'Kelihos Botmaster' and alleged Spam-King indicted by US courts

News by Max Metzger

The alleged master of the spam-distributing Kelihos botnet has been indicted by a US court on charges that range from fraud to identity theft.

A Russian national has been indicted by a US federal grand jury on charges related to the operation of the Kelihos botnet.

Peter Yuryevich Levashov was charged with eight counts including wire fraud, aggravated identity theft and causing intentional damage to a protected computer.

Levashov was arrested in Barcelona on 7 April at the request of the US Department of Justice. He remains in custody in Spain while Spanish authorities consider a request for extradition from the US. US authorities have 40 days in which to present evidence to support their request.

Early reports alleged that Levashov was arrested in connection with the ‘hacking' of the 2016 US election, but the grand jury's decision makes it clear exactly what he was brought in for.  

Levashov is believed to have run the sprawling spam botnet called Kelihos, using the pseudonym Peter Severa among others. Under his command, Kelihos could be rented out to distribute fraudulent financial information, recruitment spam, emails advertising fake pharmaceuticals or, for the right price, ransomware.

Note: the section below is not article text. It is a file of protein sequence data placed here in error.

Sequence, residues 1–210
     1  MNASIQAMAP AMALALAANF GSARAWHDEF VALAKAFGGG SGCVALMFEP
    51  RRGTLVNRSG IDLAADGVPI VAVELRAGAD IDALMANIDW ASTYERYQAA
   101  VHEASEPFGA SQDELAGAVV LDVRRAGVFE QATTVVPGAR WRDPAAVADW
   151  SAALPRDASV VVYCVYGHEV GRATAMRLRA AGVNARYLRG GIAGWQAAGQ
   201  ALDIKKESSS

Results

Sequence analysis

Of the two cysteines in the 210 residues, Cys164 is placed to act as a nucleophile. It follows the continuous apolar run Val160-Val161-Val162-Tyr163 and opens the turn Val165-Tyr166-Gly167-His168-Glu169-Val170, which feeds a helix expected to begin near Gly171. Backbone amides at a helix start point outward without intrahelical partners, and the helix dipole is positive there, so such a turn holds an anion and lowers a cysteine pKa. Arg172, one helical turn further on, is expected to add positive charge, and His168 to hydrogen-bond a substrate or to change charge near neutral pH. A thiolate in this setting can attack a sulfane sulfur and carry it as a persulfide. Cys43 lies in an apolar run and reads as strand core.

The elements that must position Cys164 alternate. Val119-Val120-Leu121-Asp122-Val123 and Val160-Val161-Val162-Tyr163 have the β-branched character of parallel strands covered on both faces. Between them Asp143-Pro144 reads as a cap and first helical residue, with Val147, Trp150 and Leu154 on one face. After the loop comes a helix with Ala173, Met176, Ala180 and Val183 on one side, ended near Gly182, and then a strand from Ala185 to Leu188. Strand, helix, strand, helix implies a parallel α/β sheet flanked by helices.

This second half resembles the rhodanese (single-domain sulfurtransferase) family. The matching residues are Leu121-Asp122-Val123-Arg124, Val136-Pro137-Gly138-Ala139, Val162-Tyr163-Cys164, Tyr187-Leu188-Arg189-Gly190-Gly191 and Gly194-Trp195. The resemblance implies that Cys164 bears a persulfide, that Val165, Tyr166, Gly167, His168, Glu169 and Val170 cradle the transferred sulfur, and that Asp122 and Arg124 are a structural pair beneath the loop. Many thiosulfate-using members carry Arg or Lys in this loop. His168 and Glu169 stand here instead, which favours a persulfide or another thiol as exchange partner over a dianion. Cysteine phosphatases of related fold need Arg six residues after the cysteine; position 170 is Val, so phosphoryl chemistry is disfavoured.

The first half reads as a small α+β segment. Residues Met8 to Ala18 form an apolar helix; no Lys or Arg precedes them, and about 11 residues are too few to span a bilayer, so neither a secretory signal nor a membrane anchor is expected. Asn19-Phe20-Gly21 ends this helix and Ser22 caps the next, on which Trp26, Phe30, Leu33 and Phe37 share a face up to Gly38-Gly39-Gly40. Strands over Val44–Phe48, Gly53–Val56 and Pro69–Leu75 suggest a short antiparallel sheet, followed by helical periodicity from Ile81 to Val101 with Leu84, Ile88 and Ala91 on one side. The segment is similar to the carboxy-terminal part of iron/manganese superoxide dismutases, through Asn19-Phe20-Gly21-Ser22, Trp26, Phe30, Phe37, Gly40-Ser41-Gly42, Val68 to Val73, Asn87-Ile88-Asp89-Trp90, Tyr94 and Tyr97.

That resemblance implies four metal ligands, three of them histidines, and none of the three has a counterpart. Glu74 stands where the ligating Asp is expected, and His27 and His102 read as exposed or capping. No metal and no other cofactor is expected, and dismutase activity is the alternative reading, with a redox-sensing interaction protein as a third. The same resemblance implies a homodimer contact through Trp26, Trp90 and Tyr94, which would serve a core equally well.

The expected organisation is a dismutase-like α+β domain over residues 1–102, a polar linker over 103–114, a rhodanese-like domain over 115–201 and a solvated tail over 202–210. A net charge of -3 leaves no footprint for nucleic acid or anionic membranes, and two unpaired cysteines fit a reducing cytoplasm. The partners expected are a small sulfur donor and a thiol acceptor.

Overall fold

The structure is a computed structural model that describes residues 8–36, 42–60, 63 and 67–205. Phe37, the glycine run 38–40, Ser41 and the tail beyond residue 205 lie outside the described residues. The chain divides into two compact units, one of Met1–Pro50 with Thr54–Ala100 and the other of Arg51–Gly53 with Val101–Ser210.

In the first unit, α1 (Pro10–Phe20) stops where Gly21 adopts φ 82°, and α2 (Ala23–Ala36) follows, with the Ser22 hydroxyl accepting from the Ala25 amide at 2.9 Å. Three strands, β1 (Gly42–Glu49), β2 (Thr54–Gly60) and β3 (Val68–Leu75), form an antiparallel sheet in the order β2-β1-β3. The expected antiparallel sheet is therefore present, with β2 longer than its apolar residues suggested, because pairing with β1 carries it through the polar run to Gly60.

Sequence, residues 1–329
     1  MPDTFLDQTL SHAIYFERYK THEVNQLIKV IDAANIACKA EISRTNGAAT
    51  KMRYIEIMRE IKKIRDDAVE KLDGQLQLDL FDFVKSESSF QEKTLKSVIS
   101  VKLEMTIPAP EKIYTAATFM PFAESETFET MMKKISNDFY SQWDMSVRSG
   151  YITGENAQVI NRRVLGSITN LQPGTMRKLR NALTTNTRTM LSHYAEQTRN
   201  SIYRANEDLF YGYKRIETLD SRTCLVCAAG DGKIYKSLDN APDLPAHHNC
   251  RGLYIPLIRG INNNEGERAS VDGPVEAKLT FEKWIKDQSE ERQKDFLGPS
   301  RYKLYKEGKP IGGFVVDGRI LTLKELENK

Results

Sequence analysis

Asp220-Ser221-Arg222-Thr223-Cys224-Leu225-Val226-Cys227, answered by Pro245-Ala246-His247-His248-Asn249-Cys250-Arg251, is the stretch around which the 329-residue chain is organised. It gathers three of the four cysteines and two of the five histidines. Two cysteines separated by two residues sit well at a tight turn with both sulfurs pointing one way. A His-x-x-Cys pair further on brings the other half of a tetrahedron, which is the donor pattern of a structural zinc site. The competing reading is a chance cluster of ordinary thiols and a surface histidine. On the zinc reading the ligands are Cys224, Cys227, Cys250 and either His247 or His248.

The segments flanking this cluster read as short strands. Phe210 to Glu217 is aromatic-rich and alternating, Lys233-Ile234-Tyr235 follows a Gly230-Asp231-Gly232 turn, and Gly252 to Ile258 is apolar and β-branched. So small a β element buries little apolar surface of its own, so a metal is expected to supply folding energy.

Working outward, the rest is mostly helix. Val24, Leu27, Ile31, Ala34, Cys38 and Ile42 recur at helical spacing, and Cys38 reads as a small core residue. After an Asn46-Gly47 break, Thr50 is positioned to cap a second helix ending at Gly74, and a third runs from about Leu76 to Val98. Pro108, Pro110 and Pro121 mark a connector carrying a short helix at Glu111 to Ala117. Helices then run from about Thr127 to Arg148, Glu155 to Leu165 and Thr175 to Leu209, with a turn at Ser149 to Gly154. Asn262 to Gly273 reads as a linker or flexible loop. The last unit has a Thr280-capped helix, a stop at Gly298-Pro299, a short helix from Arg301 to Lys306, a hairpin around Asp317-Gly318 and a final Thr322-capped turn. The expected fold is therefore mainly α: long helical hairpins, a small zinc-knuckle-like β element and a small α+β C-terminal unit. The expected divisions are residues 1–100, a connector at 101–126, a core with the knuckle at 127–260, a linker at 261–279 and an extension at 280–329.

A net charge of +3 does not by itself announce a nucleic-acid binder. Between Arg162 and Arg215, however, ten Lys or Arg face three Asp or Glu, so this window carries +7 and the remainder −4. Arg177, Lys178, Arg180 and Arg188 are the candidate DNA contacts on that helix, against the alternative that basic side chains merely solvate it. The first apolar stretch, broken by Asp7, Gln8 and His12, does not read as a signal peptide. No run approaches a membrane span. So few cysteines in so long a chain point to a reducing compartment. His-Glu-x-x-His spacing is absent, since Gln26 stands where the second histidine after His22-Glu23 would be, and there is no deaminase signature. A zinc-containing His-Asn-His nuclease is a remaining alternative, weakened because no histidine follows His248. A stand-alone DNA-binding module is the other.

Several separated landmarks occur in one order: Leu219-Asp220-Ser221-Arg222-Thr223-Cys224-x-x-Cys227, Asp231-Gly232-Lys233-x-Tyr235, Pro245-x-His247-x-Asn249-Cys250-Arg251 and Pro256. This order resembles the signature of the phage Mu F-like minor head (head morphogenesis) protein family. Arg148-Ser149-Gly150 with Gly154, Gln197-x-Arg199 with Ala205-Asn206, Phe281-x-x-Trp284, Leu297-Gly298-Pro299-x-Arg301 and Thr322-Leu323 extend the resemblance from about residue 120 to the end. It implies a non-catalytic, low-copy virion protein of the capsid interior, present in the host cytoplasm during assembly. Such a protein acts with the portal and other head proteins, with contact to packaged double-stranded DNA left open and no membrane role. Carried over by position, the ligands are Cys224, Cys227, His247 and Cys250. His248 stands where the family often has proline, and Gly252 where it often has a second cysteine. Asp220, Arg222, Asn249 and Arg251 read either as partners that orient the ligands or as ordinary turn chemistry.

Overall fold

Kelihos boasted a botnet of around 45,000 computers in 2010, but at its height, could apparently call on 100,000 to do its bidding.

It is believed that Levashov started working with Kelihos around 2010, adopting the botnet after what looks like a great deal of experience. The Russian national currently holds sixth place on Spamhaus' World's Ten Worst Spammers.

Before Kelihos, Levashov was accused in 2009 of operating the Storm botnet, another mass distributor of unsolicited spam.

His indictment comes as part of a larger move by US authorities to shut down Kelihos. A civil complaint was filed in an Alaska court at the beginning of the month and the US Federal Bureau of Investigation started blocking its associated domains on 8 April.

A couple of days later, the US Department of Justice (DoJ) along with the FBI and US attorney's office announced they had begun their assault.

Acting assistant attorney general Kenneth A. Blanco of the DoJ's criminal division said in a statement: “The ability of botnets like Kelihos to be weaponised quickly for vast and varied types of harms is a dangerous and deep threat to all Americans, driving at the core of how we communicate, network, earn a living, and live our everyday lives.”

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